Forestry experts say an insect threatens to wipe out the entire population of ash trees in a matter of three to seven years in Burlington.
â??Yeah it will eventually cover the state of Iowa,â?? Casey Chadwick, City of Burlington Forester said. â??Itâ??s come from Michigan; it has hit Pennsylvania, Illinois the whole stateâ??s under quarantine, so itâ??s only a matter of time.â??
The Department of Natural Resources discovered the Emerald Ash Borer is becoming a problem in parts of Southeast Iowa.
â??Itâ??s an invasive beetle thatâ??s basically attacking all of our trees, all the ash trees anyways,â?? Chadwick said. â??It lays its eggs, and the larvae under the bark basically cut off all the flow to the leaves and the upper canopy of the tree.â??
Chadwick estimates nearly 40 percent of ash trees in Burlington show signs of possible EAB infestation.
â??Weâ??re probably gonna do a combination of removal as well as treatment, just kind of lengthen out the removal process,â?? he said.
He says symptoms are difficult to detect because a tree can look healthy two to seven years before disease is obvious.
â??They look for D-shaped holes, theyâ??re really tiny, about 1/8 inch,â?? Chadwick said. â??Look for declining ash trees, typically from the top back, sprouts coming from the base or the trunk of the tree; you can see woodpecker flecking or woodpecker activity in the ash trees.â??
EAB is also killing trees in the City of Fairfield.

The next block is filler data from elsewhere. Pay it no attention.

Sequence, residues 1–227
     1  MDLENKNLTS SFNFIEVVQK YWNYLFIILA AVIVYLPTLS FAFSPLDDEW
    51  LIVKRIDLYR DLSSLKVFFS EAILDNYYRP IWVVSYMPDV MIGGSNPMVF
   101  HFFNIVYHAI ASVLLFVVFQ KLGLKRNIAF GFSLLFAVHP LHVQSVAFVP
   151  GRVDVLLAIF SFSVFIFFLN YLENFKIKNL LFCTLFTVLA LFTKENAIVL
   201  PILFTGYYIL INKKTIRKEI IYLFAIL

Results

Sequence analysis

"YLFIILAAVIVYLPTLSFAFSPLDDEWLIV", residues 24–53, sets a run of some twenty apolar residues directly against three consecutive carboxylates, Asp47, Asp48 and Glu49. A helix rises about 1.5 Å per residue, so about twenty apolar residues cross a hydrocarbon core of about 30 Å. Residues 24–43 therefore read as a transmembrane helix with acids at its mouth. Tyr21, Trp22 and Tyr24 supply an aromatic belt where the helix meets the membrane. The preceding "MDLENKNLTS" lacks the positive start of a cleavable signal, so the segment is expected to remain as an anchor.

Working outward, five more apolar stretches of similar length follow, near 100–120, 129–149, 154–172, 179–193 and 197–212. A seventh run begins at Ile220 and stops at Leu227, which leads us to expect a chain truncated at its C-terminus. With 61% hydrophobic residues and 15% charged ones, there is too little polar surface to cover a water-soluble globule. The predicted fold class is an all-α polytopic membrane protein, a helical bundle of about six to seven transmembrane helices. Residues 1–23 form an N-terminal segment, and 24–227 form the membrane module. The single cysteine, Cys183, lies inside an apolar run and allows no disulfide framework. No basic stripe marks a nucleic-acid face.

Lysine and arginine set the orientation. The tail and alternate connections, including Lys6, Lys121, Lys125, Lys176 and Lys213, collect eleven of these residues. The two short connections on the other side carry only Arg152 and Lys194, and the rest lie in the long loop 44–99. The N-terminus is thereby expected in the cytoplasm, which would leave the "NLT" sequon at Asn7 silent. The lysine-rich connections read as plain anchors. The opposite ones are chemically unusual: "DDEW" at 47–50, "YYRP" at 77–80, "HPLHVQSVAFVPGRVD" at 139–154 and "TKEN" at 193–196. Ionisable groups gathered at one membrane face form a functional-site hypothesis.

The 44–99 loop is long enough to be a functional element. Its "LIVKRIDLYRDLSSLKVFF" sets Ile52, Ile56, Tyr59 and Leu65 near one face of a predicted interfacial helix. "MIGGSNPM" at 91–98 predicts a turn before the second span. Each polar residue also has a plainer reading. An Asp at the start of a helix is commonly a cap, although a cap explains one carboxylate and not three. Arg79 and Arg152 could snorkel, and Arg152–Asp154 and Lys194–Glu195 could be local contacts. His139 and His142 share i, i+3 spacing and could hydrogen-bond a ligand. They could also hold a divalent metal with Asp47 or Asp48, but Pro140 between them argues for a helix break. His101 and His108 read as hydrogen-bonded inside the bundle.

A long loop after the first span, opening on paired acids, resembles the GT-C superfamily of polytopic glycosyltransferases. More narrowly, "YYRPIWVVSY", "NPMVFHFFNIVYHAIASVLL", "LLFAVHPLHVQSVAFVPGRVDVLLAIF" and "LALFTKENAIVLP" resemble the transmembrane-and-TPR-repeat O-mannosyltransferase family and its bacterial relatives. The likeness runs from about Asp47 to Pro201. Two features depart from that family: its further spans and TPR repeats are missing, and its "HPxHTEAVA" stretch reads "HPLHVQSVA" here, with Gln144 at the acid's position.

â??Weâ??ve been working closely with the DNR and other state agencies to see the different options what we can do as far as treating and/or replacing,â?? Levi Amrime, a Fairfield Parks and Rec worker said.
While chemical treatments are an option, it proves to be an expensive process.
â??For one tree, or a few trees, itâ??s probably manageable, but when you start looking at the quantities of the cities, what theyâ??re responsible for, you gotta multiply that times however many trees they have,â?? Chadwick said. â??A typical 20 inch tree, I think is gonna cost us between $200-$300.â??
So the majority of the infected ash trees will have to be removed.
â??It makes it difficult because we have a bunch of beautiful trees in the park and with the oak wilt thatâ??s been going through, weâ??ve lost a lot of oak trees already, and now weâ??re about to lose a bunch of our ash trees, and itâ??s sad to see so many trees go at one time that we have to replace,â?? Amrime said.
Experts say the best option for landowners with infested ash trees is to remove them or inject them with pesticide if you think they are salvageable and worth the investment.